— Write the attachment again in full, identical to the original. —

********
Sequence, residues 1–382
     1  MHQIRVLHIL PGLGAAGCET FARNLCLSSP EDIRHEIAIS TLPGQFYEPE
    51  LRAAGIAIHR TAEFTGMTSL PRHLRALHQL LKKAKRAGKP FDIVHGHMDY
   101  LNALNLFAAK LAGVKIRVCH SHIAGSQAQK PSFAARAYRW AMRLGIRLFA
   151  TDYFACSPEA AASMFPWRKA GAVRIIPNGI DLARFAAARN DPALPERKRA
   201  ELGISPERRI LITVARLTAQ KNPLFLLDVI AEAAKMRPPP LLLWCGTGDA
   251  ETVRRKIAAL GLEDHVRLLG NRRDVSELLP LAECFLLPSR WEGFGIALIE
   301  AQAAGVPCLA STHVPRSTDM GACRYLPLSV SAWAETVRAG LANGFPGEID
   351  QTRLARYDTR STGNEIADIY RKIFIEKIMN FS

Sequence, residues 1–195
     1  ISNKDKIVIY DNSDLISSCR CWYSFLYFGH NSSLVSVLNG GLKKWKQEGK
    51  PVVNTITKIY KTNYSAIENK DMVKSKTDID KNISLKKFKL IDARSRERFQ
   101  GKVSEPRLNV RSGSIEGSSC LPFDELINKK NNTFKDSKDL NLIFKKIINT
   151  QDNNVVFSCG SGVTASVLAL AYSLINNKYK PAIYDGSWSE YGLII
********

Sequence, residues 1–382
     1  MHQIRVLHIL PGLGAAGCET FARNLCLSSP EDIRHEIAIS TLPGQFYEPE
    51  LRAAGIAIHR TAEFTGMTSL PRHLRALHQL LKKAKRAGKP FDIVHGHMDY
   101  LNALNLFAAK LAGVKIRVCH SHIAGSQAQK PSFAARAYRW AMRLGIRLFA
   151  TDYFACSPEA AASMFPWRKA GAVRIIPNGI DLARFAAARN DPALPERKRA
   201  ELGISPERRI LITVARLTAQ KNPLFLLDVI AEAAKMRPPP LLLWCGTGDA
   251  ETVRRKIAAL GLEDHVRLLG NRRDVSELLP LAECFLLPSR WEGFGIALIE
   301  AQAAGVPCLA STHVPRSTDM GACRYLPLSV SAWAETVRAG LANGFPGEID
   351  QTRLARYDTR STGNEIADIY RKIFIEKIMN FS

Sequence, residues 1–195
     1  ISNKDKIVIY DNSDLISSCR CWYSFLYFGH NSSLVSVLNG GLKKWKQEGK
    51  PVVNTITKIY KTNYSAIENK DMVKSKTDID KNISLKKFKL IDARSRERFQ
   101  GKVSEPRLNV RSGSIEGSSC LPFDELINKK NNTFKDSKDL NLIFKKIINT
   151  QDNNVVFSCG SGVTASVLAL AYSLINNKYK PAIYDGSWSE YGLII